But bear in mind make sure it is QUALITY. The interwebs doesn’t need to see what you have had for your dinner or to see you slag off your BFF’s ex.


A Final Thought

You could marry a sugar daddy and get him to fund a $10m feature film starring you. Maybe not so useful if you are an overweight 53 year old ex builder called Barry. Possibly more applicable if you are a young ingenue.

In fact strike this. This is a rubbish idea. It’s Friday afternoon and I’m obviously past my best. See my other post… Respect yourself!

This is like Rule 1. VITAL.


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I have been casting everything from commercials to feature films for almost 20 years, and one thing that actors often ask me is “Why do some actors get all the best jobs?”

After sitting in thousands of casting sessions and looking at countless submissions there are some obvious trends that I thought I would share with you.  In no particular order here are some of my casting tips…


1 – They make sure that they actually look like their headshot.

actors tips #1This may be a controversial opinion, but if a director and casting director have a particular look in mind and select you based upon your headshot, hey they kinda do expect who turns up to look like that.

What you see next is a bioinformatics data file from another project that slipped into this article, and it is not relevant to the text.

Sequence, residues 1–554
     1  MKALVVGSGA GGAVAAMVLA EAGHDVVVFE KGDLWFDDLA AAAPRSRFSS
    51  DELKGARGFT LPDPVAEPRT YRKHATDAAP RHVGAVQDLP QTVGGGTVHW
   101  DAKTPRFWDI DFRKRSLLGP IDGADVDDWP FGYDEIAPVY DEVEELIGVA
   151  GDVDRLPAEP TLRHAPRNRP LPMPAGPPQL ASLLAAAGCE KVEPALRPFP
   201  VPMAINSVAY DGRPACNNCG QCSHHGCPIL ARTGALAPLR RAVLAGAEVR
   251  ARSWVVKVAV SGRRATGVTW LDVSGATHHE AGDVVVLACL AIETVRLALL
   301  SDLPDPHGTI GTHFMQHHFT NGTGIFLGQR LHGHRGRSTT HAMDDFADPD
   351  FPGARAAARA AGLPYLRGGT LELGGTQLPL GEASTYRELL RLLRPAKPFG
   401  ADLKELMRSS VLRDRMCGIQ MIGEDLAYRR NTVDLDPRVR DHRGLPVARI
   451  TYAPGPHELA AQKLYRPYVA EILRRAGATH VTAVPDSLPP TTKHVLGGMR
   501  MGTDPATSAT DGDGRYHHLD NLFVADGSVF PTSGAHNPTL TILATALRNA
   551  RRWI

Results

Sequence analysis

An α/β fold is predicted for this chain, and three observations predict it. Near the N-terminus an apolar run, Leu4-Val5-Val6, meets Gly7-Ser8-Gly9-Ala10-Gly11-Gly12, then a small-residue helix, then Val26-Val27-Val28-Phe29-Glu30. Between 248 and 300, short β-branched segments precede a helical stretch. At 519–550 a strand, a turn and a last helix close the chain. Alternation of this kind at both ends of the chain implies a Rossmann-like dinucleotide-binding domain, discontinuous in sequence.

They are unlikely to take one look at you and say, “What the hell, those extra 10 years or 10lbs (up or down) don’t matter.”



2 – They sleep with the director…


No only joking. The actors who get the best jobs don’t flirt outrageously, they behave with professionalism, integrity and have a genuine enthusiasm for the part. They respect themselves because if they don’t why would others?


3 – They don’t lie about their previous work.

actors tips #3As an FYI CV does not stand for Create a Very-misleading-document. Listen, people know people. If your CV lists the work you did with Leo and Keira and the campaign for Porsche, it won’t be long before you’re found out – unless of course you were in that product placement scene with the Porsche Cayenne in “Bend It Like The Revenant.”

Trust me, deceit is a fast track way to ensure you’re not even “what they’re looking for” when they’re casting that role for a guy wearing a chicken suit in the web commercial for the Slough branch of “Chick-u-Like.”

4 – They don’t lie about their age.

Makes sure you look your playing age – it’s important not to lie about your age if you are casting for a financial services commercial or an alcohol commercial or both if it’s for a Pay Day Vodka Company.


5 – They actually can do accents.